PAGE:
We are living in a world where you cannot look in any direction without seeing someone’s brand. Maybe this is the year to think about protecting your brand.
A trade mark can be a word, logo, colour, sound, or even a scent. Trade Mark rights differ from common law rights that you may attain from “being around for a long time” or a business name registration. A common misconception in the marketplace has business owners believing that common law will protect their rights in their brand. This is not the case, and it can be a very expensive and difficult journey to reach an unsatisfactory outcome. The best way to protect your brand is to obtain a trade mark registration. A trade mark registration can also protect you against other entities pursuing you for infringement of their rights, if they consider your brand to be similar to theirs.
Trade marks are also effective marketing tools, as your business gathers momentum, the goodwill and reputation attaches to your brand. When your brand is a registered trade mark, you will then have the exclusive right to use your mark and should someone attempt to “pass off” your goodwill, you will have grounds to enforce your legal right of exclusive use.
Trade Mark law is complex and easily misunderstood. To give you an insight to the basics, Trade Marks can be registered in 45 different classes of goods or services. For example, class 9 covers items such as software; class 32 covers goods such as drinks; and class 25 covers all types of clothing, footwear and headgear.
Once an application for a trade mark is lodged with IP Australia, the Trade Marks Office will examine the trade mark to ensure it complies with the provisions of the Trade Marks Act 1995 (Cth). For example:
- The Trade Marks Office will check to see if there are any other trade marks already registered or applied for that are substantially identical, or deceptively similar to the mark you are trying to register.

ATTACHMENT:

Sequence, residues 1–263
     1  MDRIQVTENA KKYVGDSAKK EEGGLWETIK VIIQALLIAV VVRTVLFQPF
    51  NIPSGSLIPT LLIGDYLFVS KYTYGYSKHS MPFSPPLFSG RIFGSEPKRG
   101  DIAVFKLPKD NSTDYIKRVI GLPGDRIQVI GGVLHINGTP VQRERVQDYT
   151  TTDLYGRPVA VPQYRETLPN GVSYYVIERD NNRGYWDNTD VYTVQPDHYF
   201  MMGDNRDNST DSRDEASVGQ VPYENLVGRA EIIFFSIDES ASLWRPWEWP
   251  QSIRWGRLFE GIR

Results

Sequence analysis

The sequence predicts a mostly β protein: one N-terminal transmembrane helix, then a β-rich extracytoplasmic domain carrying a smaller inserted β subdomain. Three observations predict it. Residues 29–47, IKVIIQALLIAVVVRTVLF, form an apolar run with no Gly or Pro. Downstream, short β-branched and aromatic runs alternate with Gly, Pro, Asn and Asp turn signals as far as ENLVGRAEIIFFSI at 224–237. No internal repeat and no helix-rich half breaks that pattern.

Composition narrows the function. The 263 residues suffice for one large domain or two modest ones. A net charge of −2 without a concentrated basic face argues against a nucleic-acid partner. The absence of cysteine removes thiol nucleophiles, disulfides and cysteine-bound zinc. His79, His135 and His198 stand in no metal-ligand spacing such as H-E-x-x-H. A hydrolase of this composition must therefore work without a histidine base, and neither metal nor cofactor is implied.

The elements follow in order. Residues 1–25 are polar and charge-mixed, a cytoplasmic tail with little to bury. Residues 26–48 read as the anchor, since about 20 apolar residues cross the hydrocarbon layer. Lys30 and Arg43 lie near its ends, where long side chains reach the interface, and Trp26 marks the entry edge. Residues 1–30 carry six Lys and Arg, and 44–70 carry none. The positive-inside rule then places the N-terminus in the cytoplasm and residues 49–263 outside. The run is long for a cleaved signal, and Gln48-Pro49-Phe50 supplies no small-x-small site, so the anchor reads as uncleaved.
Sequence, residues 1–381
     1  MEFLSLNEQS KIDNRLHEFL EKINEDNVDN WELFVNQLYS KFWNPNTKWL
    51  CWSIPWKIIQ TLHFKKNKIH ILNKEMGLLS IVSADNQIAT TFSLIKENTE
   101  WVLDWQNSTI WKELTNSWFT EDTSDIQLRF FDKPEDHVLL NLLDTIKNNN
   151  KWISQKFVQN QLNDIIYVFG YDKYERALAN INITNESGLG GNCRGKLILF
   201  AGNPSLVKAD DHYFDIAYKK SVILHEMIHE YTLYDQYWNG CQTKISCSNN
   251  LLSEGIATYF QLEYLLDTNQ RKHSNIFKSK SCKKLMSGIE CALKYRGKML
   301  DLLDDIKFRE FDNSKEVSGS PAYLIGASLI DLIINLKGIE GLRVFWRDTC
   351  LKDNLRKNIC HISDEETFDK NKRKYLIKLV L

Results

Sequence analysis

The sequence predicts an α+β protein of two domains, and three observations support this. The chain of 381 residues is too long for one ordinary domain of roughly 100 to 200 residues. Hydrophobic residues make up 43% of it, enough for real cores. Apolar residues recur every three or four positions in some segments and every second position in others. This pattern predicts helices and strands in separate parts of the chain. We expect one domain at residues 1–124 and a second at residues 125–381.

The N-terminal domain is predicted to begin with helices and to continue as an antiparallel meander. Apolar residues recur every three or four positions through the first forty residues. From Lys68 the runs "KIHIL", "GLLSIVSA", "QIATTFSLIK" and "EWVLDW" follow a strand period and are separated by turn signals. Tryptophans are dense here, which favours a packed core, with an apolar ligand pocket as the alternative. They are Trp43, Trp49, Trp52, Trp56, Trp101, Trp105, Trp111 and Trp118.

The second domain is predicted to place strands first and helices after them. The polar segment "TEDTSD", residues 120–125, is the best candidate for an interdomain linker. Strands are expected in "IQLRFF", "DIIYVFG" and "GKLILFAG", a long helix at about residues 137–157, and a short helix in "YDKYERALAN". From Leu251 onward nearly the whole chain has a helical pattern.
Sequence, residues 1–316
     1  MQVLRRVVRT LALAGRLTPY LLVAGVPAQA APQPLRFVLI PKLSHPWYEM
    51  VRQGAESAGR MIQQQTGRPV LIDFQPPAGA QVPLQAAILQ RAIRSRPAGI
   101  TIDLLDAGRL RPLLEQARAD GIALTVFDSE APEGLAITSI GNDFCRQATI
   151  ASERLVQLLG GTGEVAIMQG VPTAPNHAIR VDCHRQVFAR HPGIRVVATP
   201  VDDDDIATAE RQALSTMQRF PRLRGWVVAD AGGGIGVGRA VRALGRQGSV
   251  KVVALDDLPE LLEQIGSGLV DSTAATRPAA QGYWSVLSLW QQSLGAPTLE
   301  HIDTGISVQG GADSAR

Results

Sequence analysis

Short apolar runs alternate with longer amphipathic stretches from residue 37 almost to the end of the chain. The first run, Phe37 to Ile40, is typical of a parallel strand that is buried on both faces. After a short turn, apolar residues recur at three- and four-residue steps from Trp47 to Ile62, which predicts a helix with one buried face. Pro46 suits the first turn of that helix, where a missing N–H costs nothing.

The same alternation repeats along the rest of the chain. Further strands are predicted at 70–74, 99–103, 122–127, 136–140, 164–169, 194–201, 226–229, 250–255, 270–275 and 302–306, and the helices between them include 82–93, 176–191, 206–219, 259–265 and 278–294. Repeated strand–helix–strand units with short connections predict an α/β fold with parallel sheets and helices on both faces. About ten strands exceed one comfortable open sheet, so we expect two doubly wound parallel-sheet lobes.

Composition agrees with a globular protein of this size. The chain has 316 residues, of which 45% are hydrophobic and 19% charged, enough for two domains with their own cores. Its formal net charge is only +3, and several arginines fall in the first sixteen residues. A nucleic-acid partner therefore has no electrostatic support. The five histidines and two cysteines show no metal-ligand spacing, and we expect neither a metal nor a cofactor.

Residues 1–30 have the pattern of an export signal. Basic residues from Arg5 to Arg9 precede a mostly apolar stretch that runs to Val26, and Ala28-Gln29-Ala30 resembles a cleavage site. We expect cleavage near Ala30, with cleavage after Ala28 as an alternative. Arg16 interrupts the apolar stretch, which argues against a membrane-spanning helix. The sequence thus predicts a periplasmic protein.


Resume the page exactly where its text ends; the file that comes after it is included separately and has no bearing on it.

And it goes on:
- The Trade Marks Office will also assess whether the mark you are aiming to protect is actually registrable under the Trade Marks Act 1995 (Cth), for example, they have restrictions on surnames or geographical names being used as trade marks.
If IP Australia does have an objection, it is not the end of the road. There are a number of ways that an objection can be overcome. Coulter Roache have the expertise to assist in this regard.
Once the Trade Marks Office is satisfied that your trade mark can proceed to registration, it will advertise the trade mark for two months. During these two months, third parties have an opportunity to oppose the registration of your mark.
Once the two months has expired and your trade mark is registered, you have the ability to use the ® symbol next to it, and enjoy the entitlement of exclusive use of your registered mark.
Trade mark registration lasts for ten years, at which point you may renew the trade mark by simply paying a fee that IP Australia prescribes.
The road to a trade mark registration can be difficult to navigate. We can help you decide whether the trade mark you wish to protect entails any risk, how to mitigate any risk and assist in obtaining trade mark registration. Once you have a trade mark registration, we can also assist you to enforce your rights.
If you require advice or further information in relation to any of the matters discussed in this article, please contact our Corporate & Commercial team on 03 5273 5263.